the milled and stamped-into metal of what stays behind.
Blackcap Mountain. Blue scorpion venom. Persimmon pudding.
He spoke them.
He could not say love enough times.
It clinked against itself, it clinked against its little chain.
Copyright © 2018 by Jane Hirshfield. Originally published in Poem-a-Day on March 29, 2018, by the Academy of American Poets.
You were forever finding some new play.
So when I saw you down on hands and knees
In the meadow, busy with the new-cut hay,
Trying, I thought, to set it up on end,
I went to show you how to make it stay,
If that was your idea, against the breeze,
And, if you asked me, even help pretend
To make it root again and grow afresh.
But 'twas no make-believe with you to-day,
Nor was the grass itself your real concern,
Though I found your hand full of wilted fern,
Steel-bright June-grass, and blackening heads of clover.
'Twas a nest full of young birds on the ground
The cutter-bar had just gone champing over
(Miraculously without tasting flesh)
And left defenseless to the heat and light.
You wanted to restore them to their right
Of something interposed between their sight
And too much world at once—could means be found.
The way the nest-full every time we stirred
Stood up to us as to a mother-bird
Whose coming home has been too long deferred,
Made me ask would the mother-bird return
And care for them in such a change of scene
And might our meddling make her more afraid.
That was a thing we could not wait to learn.
We saw the risk we took in doing good,
But dared not spare to do the best we could
Though harm should come of it; so built the screen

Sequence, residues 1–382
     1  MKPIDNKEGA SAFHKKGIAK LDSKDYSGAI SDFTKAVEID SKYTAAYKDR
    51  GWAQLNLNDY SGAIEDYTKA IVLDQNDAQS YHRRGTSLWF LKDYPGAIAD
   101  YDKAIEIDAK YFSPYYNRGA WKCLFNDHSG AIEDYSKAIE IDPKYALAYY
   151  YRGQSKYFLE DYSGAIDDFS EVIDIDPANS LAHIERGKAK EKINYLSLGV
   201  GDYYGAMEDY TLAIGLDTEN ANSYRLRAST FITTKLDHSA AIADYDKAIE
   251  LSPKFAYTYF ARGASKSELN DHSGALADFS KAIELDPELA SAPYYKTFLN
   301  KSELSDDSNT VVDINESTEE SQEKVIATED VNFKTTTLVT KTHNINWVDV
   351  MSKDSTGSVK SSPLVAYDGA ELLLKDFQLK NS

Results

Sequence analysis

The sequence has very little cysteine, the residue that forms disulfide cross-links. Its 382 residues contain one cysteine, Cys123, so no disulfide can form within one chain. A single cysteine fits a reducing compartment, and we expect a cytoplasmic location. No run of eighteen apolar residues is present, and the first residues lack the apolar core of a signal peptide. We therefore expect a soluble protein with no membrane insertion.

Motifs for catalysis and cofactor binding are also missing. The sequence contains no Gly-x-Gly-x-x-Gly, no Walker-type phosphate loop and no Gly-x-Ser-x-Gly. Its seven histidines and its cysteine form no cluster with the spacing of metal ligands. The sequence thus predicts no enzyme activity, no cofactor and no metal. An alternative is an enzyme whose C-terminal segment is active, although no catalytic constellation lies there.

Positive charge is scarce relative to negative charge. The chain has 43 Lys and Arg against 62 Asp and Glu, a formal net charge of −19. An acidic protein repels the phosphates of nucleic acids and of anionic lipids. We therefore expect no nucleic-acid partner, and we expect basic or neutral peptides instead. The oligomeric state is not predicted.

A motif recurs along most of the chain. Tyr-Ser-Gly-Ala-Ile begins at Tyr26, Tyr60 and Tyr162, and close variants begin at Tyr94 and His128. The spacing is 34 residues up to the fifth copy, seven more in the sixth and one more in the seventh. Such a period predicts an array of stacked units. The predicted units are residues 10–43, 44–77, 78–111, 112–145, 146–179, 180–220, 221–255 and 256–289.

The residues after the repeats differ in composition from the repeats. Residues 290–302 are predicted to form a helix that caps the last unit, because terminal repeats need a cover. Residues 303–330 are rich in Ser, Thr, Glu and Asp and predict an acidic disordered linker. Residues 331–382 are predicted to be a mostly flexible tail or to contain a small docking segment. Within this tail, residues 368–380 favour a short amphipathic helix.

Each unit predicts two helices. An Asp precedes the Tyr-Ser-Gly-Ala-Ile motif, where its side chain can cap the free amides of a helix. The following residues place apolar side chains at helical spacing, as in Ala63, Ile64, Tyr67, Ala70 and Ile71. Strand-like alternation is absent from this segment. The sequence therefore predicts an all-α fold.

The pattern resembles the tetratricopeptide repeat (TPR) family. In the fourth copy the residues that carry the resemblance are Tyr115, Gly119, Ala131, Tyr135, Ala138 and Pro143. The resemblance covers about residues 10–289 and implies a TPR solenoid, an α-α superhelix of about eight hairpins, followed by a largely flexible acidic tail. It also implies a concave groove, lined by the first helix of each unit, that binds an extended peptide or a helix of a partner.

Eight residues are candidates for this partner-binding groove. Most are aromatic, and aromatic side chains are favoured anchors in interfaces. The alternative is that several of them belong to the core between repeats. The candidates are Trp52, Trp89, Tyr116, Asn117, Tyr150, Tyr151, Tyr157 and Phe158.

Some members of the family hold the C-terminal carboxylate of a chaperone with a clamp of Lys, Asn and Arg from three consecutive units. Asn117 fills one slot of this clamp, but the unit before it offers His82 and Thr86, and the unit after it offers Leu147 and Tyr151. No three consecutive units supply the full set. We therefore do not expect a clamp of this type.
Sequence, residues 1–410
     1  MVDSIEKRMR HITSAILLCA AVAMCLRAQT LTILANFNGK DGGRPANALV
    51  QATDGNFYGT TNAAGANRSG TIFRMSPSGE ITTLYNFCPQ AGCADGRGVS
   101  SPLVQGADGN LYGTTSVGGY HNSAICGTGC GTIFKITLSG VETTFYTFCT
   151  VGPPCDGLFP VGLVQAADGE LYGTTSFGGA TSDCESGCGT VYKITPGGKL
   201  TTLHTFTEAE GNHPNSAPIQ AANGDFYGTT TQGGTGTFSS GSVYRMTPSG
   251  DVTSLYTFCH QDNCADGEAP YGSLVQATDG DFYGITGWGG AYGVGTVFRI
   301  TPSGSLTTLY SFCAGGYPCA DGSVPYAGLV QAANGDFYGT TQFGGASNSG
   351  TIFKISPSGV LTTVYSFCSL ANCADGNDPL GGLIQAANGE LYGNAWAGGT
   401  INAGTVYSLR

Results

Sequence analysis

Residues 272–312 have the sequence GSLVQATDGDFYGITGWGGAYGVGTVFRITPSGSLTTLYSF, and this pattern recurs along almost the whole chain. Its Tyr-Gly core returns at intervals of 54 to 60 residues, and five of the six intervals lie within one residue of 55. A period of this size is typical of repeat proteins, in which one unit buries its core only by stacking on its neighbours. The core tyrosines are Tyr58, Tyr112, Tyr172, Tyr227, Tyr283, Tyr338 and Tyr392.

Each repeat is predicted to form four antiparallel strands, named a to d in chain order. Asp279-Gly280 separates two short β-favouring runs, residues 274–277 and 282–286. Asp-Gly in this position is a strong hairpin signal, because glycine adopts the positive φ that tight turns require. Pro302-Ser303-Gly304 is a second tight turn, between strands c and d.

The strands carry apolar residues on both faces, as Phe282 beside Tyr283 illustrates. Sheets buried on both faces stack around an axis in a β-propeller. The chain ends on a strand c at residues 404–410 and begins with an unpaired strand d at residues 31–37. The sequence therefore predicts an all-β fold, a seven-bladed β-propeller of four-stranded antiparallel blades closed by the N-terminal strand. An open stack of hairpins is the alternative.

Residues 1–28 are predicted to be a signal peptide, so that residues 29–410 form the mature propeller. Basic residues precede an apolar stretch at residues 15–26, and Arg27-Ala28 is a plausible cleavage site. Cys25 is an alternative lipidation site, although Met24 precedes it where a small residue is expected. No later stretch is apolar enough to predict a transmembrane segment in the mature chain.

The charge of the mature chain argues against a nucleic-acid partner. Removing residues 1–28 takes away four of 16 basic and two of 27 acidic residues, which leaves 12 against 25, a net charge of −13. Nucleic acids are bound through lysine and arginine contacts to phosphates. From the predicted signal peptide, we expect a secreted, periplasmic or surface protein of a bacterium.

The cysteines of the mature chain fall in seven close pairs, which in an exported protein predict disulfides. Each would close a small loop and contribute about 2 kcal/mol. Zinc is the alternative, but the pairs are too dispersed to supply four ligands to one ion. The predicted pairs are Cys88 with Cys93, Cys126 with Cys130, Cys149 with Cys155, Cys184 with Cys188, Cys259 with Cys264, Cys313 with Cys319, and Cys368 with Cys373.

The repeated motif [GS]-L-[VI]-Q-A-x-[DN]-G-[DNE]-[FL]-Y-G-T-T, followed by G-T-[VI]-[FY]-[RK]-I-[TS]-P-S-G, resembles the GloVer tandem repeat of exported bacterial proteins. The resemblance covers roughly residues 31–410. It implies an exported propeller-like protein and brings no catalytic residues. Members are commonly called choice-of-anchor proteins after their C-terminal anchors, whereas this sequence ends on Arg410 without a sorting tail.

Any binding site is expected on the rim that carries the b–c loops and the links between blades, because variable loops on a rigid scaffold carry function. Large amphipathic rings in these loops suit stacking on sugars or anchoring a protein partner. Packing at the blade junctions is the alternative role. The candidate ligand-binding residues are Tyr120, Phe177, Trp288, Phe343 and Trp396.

You had begun, and gave them back their shade.
All this to prove we cared. Why is there then
No more to tell? We turned to other things.
I haven't any memory—have you?—
Of ever coming to the place again
To see if the birds lived the first night through,
And so at last to learn to use their wings.
This poem is in the public domain. Published in Poem-a-Day on March 25, 2018, by the Academy of American Poets.
for Dad I’m writing you 10 years later & 2,000 miles Away from Our silence My mouth a cave That had collapsed I’m writing While you You wear the Hospital gown & count failures Such as the body’s Inability to rise I see your fingers Fumbling in the Pillbox as if Earthquakes are in Your hands I think it’s time For us to abandon Our cruelties For us to speak So s o f t We’re barely Human.
Copyright © 2018 by Christopher Soto. Originally published in Poem-a-Day on February 2, 2018, by the Academy of American Poets.
You know how it pretends to have a broken wing to lure predators away from its nest, how it staggers just out of reach . . . if, at this moment, you’re feeling metaphorical, nest can be the whatever inside us that we think needs protection, the whatever that is small & hasn’t yet found its way. Like us it has lived so long on scraps, on what others have left behind, it thinks it could live on air, on words, forever almost, it thinks it would be better to let the predator kill it than to turn its back on that child again, forgetting that one lives inside the other.
Copyright © 2018 by Nick Flynn. Originally published in Poem-a-Day on January 4, 2018, by the Academy of American Poets.